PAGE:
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Marine Robots – Bringing the Future to Ocean Observations and Monitoring
Allison Chua, a CERC.OCEAN PhD student, is studying how low-cost marine robotic vehicles can be used to collect data where serious limitations occur for typical oceanographic instrumentation. Size, spatial limitations, cost, speed of deployment, and length of deployment can all be limiting factors when oceanographic conditions are being measured; this is particularly relevant for adverse environments (e.g. polar regions), or when a fast response is needed (e.g. marine oil spills). Over the last decade, small, inexpensive, and open-source computing systems have been developed that can be modified and integrated with most ocean sensors and platforms, removing some of the current limitations in data collection and response time. These innovations have helped reduce the size and cost of Remotely-Operated Vehicles (ROVs) and Autonomous Underwater Vehicles (AUVs), which are allowing researchers, like Allison, to build the new generation of oceanographic tools, unburdened by the same cost and spatial limitations as the current technology.
Currently Allison (Project Leader) and her team of CERC.OCEAN researchers (including Project Supervisor and CERC.OCEAN lead: Dr. Doug Wallace, Mechanical Lead: Piotr Kawalec, Electronics Lead: Mike Vining, and Electrical Engineering Lead: Aaron MacNeill) are working on underDOG (clever acronym TBD), a micro-AUV being developed for a rapid response to mesoscale, evolving, and transient oceanic phenomenon. Basically, it’s a fancy underwater robot that is being developed so that someone can toss it into the ocean and study events that are constantly changing, may last a few days and are less than 100 km in area.
One of the perfect challenges for underDOG is monitoring marine oil spills, events where traditional oceanographic monitoring and response are lacking. The containment of oil spills is complicated by the variability of oil’s behaviour – which can differ based on the oil type, source, or environmental conditions. As part of a multinational collaboration on oil spill research, Allison and her team were invited by ExxonMobil to the Ohmsett Oil Spill Response Research & Renewable Energy Test Facility in New Jersey to assess their custom sensor integration work on a test platform, a Blue Robotics BlueROV2. This meant that they were able to run their ROV alongside oil spill testing in this large saltwater outdoor wave tank (the largest in North America) (OHMSETT) to gain experience taking underwater measurements in a controlled, but realistic, marine environment. Allison and her team will use the experience they gained from the ROV and apply it to the AUV with the eventual goal of presenting underDOG with a real-world challenge, to see how it would perform in a real marine oil spill scenario.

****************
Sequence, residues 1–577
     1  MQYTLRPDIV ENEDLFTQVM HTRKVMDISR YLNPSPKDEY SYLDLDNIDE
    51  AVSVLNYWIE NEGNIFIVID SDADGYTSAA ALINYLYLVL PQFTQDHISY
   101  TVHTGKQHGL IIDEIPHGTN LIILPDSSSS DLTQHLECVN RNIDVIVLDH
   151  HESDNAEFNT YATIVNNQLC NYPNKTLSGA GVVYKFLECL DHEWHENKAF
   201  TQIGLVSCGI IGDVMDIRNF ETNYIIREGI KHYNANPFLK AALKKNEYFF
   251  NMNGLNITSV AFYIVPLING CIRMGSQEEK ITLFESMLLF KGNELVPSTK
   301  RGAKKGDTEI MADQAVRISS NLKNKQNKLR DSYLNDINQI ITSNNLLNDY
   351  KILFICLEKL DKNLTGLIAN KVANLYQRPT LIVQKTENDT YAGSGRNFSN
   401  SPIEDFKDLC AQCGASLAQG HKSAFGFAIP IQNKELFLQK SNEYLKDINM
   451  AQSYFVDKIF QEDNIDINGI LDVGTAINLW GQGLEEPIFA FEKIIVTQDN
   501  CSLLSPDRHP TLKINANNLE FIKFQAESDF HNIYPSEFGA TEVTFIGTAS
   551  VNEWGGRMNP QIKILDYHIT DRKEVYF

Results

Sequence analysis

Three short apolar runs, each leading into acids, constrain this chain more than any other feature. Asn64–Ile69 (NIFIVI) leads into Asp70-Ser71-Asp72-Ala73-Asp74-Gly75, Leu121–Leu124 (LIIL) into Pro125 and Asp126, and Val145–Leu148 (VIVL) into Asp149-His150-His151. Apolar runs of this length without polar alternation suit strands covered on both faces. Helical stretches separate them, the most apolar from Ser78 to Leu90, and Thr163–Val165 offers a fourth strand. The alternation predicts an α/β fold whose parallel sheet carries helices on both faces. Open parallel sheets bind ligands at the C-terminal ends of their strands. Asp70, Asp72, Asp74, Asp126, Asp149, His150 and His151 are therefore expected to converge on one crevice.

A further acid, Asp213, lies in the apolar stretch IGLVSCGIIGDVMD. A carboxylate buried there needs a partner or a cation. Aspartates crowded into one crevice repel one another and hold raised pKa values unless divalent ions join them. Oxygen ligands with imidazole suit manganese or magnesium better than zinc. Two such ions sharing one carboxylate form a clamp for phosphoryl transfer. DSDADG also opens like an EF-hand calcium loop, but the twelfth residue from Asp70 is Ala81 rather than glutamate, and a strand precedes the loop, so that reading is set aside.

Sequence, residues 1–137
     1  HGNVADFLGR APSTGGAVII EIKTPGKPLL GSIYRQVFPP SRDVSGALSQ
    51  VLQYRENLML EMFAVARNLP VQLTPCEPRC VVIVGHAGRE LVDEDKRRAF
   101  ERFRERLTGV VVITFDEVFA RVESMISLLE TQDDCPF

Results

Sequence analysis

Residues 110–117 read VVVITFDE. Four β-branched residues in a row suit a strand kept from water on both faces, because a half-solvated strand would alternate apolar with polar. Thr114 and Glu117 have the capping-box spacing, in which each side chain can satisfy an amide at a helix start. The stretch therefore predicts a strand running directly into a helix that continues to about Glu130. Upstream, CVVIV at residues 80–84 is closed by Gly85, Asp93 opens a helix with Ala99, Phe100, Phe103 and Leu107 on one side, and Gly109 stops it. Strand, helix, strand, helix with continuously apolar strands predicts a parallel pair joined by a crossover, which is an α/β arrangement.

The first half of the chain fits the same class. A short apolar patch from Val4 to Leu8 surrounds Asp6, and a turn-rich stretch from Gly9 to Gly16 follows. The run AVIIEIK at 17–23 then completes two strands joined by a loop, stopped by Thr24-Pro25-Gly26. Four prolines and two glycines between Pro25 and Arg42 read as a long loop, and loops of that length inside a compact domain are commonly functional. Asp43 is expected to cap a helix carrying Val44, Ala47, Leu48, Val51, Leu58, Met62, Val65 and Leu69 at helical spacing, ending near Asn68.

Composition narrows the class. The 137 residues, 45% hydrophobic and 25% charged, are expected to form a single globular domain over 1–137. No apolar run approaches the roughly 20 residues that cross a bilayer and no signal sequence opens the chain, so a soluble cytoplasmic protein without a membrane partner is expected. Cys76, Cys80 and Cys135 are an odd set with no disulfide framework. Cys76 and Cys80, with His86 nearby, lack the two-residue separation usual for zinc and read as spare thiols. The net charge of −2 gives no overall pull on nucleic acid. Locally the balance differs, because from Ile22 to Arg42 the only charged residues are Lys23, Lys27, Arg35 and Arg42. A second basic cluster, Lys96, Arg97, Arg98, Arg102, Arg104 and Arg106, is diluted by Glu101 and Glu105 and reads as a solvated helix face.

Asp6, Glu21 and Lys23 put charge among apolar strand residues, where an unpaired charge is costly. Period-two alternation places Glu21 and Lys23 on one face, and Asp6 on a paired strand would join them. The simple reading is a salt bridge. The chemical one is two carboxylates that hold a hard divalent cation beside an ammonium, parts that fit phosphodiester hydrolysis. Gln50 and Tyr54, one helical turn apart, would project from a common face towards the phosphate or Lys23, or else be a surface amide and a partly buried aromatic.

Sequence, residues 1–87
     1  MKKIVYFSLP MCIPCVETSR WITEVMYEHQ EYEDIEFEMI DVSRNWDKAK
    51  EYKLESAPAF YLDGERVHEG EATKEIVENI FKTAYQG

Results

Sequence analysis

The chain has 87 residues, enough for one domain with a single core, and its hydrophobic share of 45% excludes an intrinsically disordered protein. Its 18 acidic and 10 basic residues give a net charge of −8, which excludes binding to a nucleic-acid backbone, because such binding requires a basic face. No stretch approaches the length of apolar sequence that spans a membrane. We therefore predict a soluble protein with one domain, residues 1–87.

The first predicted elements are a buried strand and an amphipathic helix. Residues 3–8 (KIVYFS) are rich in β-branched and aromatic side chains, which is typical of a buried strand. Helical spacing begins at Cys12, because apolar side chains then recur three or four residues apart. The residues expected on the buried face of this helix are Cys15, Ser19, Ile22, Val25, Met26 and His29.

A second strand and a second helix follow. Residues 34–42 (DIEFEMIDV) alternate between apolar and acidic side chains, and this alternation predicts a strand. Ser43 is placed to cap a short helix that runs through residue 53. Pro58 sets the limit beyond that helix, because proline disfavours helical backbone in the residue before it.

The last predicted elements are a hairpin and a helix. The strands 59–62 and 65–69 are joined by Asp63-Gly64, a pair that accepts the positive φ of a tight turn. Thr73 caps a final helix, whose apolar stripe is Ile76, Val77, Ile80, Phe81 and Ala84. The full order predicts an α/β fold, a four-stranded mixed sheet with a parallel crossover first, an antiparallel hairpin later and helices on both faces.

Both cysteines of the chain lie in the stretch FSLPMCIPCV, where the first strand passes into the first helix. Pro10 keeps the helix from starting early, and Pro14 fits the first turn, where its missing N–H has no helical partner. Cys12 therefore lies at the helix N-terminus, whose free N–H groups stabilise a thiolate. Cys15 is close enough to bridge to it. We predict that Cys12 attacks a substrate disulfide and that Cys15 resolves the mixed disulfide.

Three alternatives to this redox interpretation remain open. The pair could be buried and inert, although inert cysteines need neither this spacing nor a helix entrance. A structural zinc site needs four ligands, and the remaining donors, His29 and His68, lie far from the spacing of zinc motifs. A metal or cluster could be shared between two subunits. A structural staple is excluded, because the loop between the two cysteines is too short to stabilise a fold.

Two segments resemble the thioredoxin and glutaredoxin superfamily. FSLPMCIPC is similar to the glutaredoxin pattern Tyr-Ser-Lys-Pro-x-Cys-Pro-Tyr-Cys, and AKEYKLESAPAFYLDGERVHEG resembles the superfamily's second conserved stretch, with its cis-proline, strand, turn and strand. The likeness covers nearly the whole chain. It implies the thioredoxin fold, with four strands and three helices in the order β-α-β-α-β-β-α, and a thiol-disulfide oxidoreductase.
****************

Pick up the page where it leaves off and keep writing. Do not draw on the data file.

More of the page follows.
To test this they modified the ROV to carry three different fluorescence sensors ((1)Seabird SeaOWL UV-A, (2) Turner Cyclops 7O, and (3) Chelsea UV AquaTracka), tuned to detect crude oil in seawater under different oil release scenarios. Additionally, to verify oil presence, the sensor data was compared to real-time, high-definition ROV video.
Allison and the rest of the underDOG team extend a huge thank-you to ExxonMobil for inviting them to the Ohmsett Oil Spill Response Research & Renewable Energy Test Facility in New Jersey, where they were able to run our ROV alongside their tests.
News coverage of underDOG:
- Blue Robitic: Scaling our Understanding of the Oceans with Affordable Marine Robotics
- Also as a cover story in Sea Technology Magazine Jan 2020 edition
- Meet our new summer students
- Celebrating 50th Anniversary of Canada‑Germany Science and Technology Cooperation
- PhD student Allison Chua receives TReX Graduate Student Awards
- Royal recognition: Get to know the five Dal researchers newly appointed to the Royal Society of Canada
- Deep ocean oxygen levels may be more susceptible to climate change
- Marine Robots – Bringing the Future to Ocean Observations and Monitoring
- Cruise Report: Setting Sail on the CCGS Amundsen
- Unraveling the Geomicrobiology of Powell Lake